Dietary Guidelines

Beans contain the nutrients and benefits found in both vegetable and non-meat protean sources.

Dry beans and other legumes are some of the most widely available, inexpensive and nutritionally complete staple foods. In the Dietary Guidelines for Americans 2010, scientists recommend that adults consume three cups of beans per week to promote health and reduce the risk of chronic diseases.

As both a vegetable and a non-meat protein source, beans contain nutrients found in both food groups. They are also a nutrient-rich source of complex carbohydrates and contain dietary fiber, proven to reduce the risk of heart disease and some cancers and to aid in weight maintenance.

Dietary Guidelines, Dietary Guidance Messages and Government-approved Health Claims

I / The Dietary Guidelines for Americans has been published jointly every 5 years since 1980 by the Department of Health and Human Services (HHS) and the Department of Agriculture (USDA). The Guidelines provide authoritative advice for people two years and older about how good dietary habits can promote health and reduce risk for major chronic diseases. They serve as the basis for Federal food and nutrition education programs (see Legumes are specifically mentioned in the chapter FOOD GROUPS TO ENCOURAGE:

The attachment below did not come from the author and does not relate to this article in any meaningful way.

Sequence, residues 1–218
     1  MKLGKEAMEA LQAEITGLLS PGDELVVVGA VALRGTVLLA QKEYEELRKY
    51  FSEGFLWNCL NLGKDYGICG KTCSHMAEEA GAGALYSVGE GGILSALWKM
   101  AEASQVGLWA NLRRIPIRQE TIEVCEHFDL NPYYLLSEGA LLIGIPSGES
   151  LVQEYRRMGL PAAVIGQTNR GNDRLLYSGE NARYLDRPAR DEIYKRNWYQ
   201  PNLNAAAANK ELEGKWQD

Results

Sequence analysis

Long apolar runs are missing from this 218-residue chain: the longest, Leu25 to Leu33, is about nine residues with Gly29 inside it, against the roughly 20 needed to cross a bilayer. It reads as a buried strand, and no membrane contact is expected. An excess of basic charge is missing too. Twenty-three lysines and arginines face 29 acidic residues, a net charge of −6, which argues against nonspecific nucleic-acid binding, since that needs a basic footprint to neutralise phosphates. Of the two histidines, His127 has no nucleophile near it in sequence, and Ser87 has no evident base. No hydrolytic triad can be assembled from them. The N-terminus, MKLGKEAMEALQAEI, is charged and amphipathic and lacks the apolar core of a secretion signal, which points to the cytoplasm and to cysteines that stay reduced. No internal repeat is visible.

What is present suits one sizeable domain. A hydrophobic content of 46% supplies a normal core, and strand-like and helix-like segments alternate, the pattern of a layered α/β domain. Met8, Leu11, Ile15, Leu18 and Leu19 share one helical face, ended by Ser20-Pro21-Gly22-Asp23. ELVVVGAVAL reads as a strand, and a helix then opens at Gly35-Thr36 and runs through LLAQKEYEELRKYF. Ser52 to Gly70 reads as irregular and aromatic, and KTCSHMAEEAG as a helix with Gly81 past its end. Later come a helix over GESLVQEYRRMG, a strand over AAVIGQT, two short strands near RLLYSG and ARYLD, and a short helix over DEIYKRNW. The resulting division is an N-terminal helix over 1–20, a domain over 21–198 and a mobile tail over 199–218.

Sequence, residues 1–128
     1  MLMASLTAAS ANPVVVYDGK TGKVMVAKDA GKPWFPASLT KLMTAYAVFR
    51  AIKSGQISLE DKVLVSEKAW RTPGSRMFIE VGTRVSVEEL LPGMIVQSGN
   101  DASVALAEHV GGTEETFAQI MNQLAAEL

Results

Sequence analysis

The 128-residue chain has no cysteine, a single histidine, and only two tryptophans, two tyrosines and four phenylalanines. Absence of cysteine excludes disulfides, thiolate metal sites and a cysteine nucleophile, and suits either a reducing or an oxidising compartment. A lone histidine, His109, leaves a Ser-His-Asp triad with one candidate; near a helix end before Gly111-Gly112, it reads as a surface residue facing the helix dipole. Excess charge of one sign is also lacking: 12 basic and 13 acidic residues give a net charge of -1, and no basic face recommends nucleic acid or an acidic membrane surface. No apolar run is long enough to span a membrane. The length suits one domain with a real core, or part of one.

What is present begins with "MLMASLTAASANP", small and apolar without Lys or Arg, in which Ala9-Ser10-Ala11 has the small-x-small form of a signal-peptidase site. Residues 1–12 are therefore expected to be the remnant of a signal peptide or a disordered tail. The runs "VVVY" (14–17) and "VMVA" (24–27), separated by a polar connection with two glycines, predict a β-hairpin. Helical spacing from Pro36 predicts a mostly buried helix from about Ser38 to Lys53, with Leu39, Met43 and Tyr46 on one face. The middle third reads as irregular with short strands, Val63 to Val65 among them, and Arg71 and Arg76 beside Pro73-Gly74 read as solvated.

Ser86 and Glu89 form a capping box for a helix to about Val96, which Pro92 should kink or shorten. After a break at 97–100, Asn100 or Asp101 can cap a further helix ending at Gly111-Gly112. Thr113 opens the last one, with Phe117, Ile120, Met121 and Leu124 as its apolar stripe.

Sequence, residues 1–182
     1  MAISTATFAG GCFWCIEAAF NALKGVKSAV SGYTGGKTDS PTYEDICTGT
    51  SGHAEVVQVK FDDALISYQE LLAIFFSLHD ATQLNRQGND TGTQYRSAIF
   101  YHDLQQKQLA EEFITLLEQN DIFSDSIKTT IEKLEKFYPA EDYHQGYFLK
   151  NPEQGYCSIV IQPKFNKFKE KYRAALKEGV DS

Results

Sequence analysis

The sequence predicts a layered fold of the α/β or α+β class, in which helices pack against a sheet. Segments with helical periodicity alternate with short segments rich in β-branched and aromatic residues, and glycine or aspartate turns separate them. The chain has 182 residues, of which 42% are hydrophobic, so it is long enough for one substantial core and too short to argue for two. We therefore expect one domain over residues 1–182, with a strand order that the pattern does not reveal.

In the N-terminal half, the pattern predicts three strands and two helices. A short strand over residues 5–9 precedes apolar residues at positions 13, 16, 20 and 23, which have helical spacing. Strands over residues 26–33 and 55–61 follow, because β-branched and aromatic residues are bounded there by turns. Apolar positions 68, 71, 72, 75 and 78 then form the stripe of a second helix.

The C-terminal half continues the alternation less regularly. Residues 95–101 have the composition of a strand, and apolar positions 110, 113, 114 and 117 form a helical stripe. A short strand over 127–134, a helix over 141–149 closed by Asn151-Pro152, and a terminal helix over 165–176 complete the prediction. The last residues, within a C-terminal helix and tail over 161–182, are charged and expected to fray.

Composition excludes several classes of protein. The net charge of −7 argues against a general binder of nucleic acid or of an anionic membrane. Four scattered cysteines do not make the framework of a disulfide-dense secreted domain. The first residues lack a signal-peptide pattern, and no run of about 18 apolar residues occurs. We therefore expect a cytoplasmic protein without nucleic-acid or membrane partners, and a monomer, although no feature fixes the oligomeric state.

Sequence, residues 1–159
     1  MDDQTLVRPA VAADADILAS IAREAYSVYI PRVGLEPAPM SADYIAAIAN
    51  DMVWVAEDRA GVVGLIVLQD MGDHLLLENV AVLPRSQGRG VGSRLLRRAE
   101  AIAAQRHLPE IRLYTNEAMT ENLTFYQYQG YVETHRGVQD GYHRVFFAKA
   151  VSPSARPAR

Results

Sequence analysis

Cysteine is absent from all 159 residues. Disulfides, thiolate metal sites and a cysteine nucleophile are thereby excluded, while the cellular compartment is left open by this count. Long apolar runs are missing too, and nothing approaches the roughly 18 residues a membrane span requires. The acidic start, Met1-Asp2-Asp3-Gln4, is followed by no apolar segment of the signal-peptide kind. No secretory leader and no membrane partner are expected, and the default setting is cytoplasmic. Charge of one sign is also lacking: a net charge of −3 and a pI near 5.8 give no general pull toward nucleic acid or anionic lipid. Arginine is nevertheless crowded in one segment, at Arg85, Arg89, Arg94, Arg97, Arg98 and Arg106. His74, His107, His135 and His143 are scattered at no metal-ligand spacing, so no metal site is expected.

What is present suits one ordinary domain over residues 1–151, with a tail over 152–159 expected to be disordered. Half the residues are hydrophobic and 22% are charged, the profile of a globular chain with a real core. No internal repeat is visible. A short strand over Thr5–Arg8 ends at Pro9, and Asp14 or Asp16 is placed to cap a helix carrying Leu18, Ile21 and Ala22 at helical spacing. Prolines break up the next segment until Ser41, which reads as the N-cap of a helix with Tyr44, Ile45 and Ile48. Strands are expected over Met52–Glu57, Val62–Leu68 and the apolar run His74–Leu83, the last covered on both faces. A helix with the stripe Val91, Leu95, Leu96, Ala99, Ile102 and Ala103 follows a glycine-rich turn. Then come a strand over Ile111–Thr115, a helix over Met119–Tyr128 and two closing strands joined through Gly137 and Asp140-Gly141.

Key Recommendations

1. Consume a sufficient amount of fruits and vegetables while staying within energy needs. Two cups of fruit and 21/2 cups of vegetables per day are recommended for a reference 2,000-calorie intake, with higher or lower amounts depending on the calorie level.

2. Choose a variety of fruits and vegetables each day. In particular, select from all five vegetable subgroups (dark green, orange, legumes, starchy vegetables, and other vegetables) several times a week.

3. Consume 3 or more ounce-equivalents of whole-grain products per day, with the rest of the recommended grains coming from enriched or whole-grain products. In general, at least half the grains should come from whole grains.

4. Consume 3 cups per day of fat-free or low-fat milk or equivalent milk products.

II / Dietary guidance messages are part of an effort by the FDA’s Consumer Health Information for Better Nutrition Initiative (CHIBNI) to encourage good nutrition among consumers in multiple ways, including promoting and enhancing dietary guidance messages on food labels. Dietary guidance messages are an opportunity to communicate with consumers and remind them about important health and nutrition information. DGM’s draw a general relationship between individual foods or entire food groups and health, though no particular component in the food or foods is highlighted. Beans are included in the only two existing DGM’s:

– Diets including beans may reduce your risk of heart disease and certain cancers, and,

– Diets rich in fruits and vegetables may reduce the risk of some types of cancers and other chronic diseases.

III / Government-approved health claims, sanctioned by the U.S. Food and Drugs Administration, describe a relationship between a food, food component, or dietary supplement ingredient, and reducing risk of a disease or health-related condition. An ingredient health claim for fiber, particularly soluble fiber, in produce and grain products and fiber’s relationship to heart disease would read: Diets low in saturated fat and cholesterol and rich in fruits, vegetables, and grain products that contain some types of dietary fiber, particularly soluble fiber, may reduce the risk of heart disease, a disease associated with many factors.